or last but one to answer
F = on critical trials 36.8% of answers made by true P was wrong ­ they conformed to the majority
who all gave incorrect answers. 25% Ps never gave a wrong answer 75% conformed at least once
C = there is a surprisingly strong tendency to conform to a group. From Asch interviews at the end he
found that people conformed because of different reasons ­ some feel normative social influence
­compelled to accept the mistaken majority's norms to avoid being rejected. Distortion of
judgement: - others experience informational pressures & doubt their own judgements ­"surely

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Distortion of perception: ­ they really thought that the incorrect answers
were right
The ethical issues arisen from the P not knowing exactly what's going on in the beginning of the
experiment & thus full consent wasn't received = was overcome by offering the P a choice at end to
allow their results to be used in the research > Debriefing. Experimenter had high control over
experiment.…read more

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Minority Social Influence: It's a form of social influence where a persuasive minority exerts
pressure to change the attitudes, beliefs or behaviours of the majority. If people simply went along
with the majority all the time there would be no change or innovation. There are examples of when
small minorities have influenced the majority.
Nemeth believes that even when minorities are wrong, their views can stimulate productive
thinking- atheists/Hitler.…read more

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Group identification: Maass et al (1982) arranged for a group of `straight' Ps to hear arguments
about gay rights. If minority group was straight it had more influence on Ps than if group was gay ­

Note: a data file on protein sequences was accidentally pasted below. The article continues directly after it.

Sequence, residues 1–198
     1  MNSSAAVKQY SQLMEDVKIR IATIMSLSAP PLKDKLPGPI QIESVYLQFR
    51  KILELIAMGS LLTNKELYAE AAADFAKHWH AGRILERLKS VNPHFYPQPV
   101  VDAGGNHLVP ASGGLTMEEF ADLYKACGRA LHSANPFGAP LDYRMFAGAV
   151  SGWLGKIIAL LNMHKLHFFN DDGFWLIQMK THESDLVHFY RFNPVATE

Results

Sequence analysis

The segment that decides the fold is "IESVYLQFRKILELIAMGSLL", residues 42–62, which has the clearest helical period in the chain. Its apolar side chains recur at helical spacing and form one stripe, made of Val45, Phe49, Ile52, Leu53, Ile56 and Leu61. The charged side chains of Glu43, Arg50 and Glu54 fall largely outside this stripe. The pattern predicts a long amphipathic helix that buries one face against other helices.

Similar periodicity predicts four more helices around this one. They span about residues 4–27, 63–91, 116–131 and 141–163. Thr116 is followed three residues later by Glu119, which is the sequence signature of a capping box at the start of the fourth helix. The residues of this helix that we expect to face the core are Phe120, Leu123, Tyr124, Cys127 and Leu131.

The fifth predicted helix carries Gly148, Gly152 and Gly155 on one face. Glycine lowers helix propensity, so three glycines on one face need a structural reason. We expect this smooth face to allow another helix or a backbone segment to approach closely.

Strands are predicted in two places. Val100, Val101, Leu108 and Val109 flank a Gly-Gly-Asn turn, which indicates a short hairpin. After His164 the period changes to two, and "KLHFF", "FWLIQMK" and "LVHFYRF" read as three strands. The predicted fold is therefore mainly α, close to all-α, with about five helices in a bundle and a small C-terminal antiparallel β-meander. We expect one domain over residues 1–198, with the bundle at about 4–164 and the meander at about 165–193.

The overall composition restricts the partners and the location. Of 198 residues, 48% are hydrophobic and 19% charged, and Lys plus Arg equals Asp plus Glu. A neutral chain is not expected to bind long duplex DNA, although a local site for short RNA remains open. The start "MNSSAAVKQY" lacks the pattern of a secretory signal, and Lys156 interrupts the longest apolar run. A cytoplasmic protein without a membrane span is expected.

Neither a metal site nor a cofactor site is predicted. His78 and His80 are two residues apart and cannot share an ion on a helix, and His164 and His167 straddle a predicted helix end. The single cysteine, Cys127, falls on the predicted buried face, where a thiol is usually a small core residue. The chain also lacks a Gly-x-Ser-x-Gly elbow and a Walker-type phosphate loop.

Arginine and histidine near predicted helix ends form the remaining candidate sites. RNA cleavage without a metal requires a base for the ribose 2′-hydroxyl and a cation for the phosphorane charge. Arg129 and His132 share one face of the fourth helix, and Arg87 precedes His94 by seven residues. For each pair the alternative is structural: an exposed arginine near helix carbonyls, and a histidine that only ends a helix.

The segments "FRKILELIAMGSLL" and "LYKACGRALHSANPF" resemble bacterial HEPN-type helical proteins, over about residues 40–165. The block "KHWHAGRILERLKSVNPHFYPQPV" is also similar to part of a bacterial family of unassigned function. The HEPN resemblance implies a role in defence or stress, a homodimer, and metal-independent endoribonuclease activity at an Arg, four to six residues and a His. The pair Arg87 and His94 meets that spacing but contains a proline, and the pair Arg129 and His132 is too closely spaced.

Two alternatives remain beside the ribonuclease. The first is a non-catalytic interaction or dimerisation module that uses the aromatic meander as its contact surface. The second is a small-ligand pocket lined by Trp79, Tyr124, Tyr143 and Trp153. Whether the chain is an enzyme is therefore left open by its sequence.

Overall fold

presumably because the Ps were better able to relate to the straight's which led to greater
influence. Influence only occurs when the minority (or majority) are members of our ingroup = the
people we identify with & are more likely to succeed.…read more

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Obedience to authority: an outcome of social influence where an individual acts according to the
orders of some authority figure. It is a more direct form of social influence where the individual does
not get a choice in whether they want to defy or comply with the order. Because of the superior
position of the commander the individual also considers the consequences of their disobedience.…read more

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Demand characteristics = unexpectedly high level of obedience ­ may be because done in
prestigious Uni, Ps may have felt they extra pressure not to look dumb/weak & thus behave
differently. Also, experimenter wore white lab coat = all this would make P seek cues in how to
behave. Other studies found when demand characteristics are changed obedience level dropped.…read more

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The internal validity of Milgram's study
Did the Ps really believe they were delivering shocks or did they see through the deception
­ if so then experiment lacks Int.…read more